Student Achievement Assessment Committee
B.S. & B.A. Economics
2002-2003 ACADEMIC YEAR
1. A command of basic characteristics of the American and global economy by using this
knowledge to critically evaluate economic outcomes
2. A command of basic economic theory by using this theory to make predictions and to analyze alternative economic policy options
3.Tthe ability to communicate in both oral and written forms by presenting arguments and evidence clearly and concisely
4. The ability to engage in and understand moral reasoning with respect to economic issues by recognizing the implicit value conflicts present in all economic policy debates
5. The ability to engage in problem solving using basic economic theory;
6. The ability to engage in critical thinking as a part of the analysis of economic problems
Students are required, in these programs, to take two particular courses that we see as fundamental to the degree, Intermediate Microeconomic Theory (ECON 302) and Intermediate Macroeconomic Theory (ECON 303). We base our assessment on these courses with the primary assessment being by the examinations given during the semester. These courses are taken by students other than economics majors and as a consequence, part of our assessment effort is likely to include these non-economics students as part of the process. However, if these students are obtaining the objectives we have set out, there is some reason to think that our students will as well.
In addition, the principles of economics courses, Econ 202 and 203 are a basis for these intermediate courses. Too, they are general education courses and are required of all students in the College of Business Administration. Our assessment takes place for both the intermediate and the principles classes.
To assess the outcomes given above, we have the following process. In the principles classes and the intermediate level classes, we collect from each faculty giving essay tests or tests with essay questions, a copy of the median student in the class on the first test and then follow that student through the semester looking to see if there is growth or if they have developed deeper understandings as the semester passes. We are also looking to see if there is evidence that this student has mastered our learning outcomes to a degree we find satisfactory. These papers are then read by the department Curriculum Committee for consistency with the criteria.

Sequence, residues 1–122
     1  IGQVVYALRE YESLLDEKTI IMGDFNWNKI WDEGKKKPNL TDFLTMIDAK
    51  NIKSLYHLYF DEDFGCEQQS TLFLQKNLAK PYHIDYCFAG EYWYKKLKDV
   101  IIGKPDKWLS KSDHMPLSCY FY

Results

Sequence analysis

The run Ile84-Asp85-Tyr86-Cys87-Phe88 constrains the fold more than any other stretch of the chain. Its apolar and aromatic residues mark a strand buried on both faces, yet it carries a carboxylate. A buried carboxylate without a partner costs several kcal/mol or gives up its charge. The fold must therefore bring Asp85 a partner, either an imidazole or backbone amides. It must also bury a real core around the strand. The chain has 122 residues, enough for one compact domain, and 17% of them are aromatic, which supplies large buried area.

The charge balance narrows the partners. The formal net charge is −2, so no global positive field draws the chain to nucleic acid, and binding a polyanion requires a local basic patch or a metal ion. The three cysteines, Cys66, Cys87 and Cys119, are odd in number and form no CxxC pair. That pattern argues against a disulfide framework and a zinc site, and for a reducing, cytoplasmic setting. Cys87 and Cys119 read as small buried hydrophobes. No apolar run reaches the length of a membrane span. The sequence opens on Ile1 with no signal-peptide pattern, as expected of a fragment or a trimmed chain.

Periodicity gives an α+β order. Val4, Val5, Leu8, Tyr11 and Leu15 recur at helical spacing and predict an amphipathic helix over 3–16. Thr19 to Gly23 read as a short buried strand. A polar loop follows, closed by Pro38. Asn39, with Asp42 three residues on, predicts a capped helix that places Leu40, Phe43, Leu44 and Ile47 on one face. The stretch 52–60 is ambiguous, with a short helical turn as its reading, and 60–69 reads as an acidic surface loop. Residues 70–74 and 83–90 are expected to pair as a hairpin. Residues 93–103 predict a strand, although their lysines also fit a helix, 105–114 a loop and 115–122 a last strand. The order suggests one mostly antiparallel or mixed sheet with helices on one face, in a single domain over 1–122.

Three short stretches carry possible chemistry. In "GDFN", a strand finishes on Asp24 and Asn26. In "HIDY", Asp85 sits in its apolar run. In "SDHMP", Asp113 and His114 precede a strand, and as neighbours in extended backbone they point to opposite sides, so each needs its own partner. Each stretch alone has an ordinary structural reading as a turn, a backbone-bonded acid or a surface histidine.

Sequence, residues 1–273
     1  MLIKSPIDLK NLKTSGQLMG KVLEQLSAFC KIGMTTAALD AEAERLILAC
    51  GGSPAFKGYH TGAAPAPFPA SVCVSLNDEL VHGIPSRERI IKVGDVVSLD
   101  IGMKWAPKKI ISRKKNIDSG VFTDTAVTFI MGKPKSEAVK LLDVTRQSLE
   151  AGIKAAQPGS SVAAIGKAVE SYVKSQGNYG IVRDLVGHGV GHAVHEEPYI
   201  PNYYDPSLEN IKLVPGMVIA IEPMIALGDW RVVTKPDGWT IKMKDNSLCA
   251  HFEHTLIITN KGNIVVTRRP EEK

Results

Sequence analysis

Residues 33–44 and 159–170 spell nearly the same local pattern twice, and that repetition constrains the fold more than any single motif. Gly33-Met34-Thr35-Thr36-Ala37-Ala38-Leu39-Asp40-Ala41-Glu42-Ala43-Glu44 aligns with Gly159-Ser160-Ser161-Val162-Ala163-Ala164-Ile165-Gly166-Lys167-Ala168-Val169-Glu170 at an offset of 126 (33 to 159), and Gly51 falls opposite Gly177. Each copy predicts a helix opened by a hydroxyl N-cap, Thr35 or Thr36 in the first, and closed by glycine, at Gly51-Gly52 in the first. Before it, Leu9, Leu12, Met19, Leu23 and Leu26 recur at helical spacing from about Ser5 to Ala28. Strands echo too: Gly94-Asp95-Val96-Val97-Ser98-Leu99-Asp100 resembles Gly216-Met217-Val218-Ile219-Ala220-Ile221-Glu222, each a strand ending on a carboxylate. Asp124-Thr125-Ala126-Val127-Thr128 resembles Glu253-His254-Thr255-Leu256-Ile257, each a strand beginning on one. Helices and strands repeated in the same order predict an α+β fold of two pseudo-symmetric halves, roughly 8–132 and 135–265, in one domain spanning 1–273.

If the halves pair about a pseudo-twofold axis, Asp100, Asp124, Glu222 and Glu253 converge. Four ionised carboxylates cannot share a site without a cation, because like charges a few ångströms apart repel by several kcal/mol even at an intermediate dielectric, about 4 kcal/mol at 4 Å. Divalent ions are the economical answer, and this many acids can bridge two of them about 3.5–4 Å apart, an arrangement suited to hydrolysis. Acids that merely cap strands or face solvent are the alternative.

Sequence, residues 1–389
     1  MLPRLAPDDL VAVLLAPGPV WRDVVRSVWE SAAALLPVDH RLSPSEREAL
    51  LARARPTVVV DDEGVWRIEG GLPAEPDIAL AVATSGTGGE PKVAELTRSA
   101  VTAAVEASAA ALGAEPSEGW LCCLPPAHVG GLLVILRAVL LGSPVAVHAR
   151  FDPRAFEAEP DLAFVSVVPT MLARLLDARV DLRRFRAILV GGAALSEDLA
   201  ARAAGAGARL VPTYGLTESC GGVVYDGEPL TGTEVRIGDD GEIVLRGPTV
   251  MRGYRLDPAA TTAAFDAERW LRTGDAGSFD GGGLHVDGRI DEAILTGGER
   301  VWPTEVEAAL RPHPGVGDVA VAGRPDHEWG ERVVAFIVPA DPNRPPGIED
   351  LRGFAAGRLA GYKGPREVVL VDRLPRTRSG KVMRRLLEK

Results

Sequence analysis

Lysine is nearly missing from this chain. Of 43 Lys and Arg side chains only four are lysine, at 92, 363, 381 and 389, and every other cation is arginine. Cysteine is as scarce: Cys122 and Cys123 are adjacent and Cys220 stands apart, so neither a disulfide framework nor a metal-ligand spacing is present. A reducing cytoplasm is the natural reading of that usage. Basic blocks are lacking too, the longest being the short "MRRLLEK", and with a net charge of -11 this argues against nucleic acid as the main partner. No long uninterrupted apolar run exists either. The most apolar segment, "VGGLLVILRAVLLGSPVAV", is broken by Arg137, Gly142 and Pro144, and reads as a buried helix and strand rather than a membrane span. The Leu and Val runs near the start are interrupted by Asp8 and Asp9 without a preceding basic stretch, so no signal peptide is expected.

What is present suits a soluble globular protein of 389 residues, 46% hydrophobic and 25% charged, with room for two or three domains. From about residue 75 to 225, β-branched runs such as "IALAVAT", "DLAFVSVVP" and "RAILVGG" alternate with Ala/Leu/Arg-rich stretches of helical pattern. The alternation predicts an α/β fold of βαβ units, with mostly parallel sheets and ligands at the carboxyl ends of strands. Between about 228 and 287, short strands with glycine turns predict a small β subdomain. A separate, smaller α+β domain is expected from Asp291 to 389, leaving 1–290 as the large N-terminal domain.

A few years ago, the Department, under the leadership of Dr. Browne, established some general education rubrics for assessment. This effort required faculty to come to some agreement on what we mean by some particular skills. Our experience was that while we agree that students should communicate clearly, we could not identify the traits that mark clear communication, and there was disagreement when we tried to identify the traits in student papers. After some effort, we decided to parse down the list of things we are looking for to a shorter, more manageable list. The table below is driven by our learning outcomes, and we can make the following matches.
Use chains of deductive reasoning to help understand
Use creative skills to frame question and choose tools
Explain significance of solution
Identify reasons in support of conclude
Make explicit argument and provide evidence
Recognize value tradeoff
B1 is linked to learning outcomes 2 and 5
B2 is linked to learning outcomes 2 and 5
B3 is linked to learning outcome 5
B4 is linked to learning outcome 3
B5 is linked to learning outcome 4
B6 is linked to learning outcome 6
B7 is linked to learning outcomes 6 and 1
For this year, we have the following results.
At the principles level, the ability to identify tradeoffs was relatively uniform and of satisfactory quality. The ability to use chains of deductive reasoning was also demonstrated. Creative ways to frame questions and choose tools was one of the weaker areas. Students were often directed in particular directions and still did not see the tools to use. Students were able to explain the significance of the problem and the solution. Generally, and in line with the use of deductive reasoning, they did provide reasons for their conclusions. They were making explicit arguments. Perhaps the weakest area was that of values tradeoff. Students could see the tradeoff of the economic issues, but values were not clearly associated with the economic variables.
At the intermediate level, the students are largely students from the College of Business Administration. They are not generally economics majors. The performance by students was somewhat weaker than for the principles level students. However, the strengths and weaknesses were about the same. That is, there was a relative weakness in the areas of using creative skills to frame questions and in value tradeoffs. The other areas were performed at an acceptable level.
Based on these results, it is not clear that some change in curriculum needs to be contemplated. However, we will examine the assessment effort to try to more cleanly break apart the general education assessment from the economics program assessments.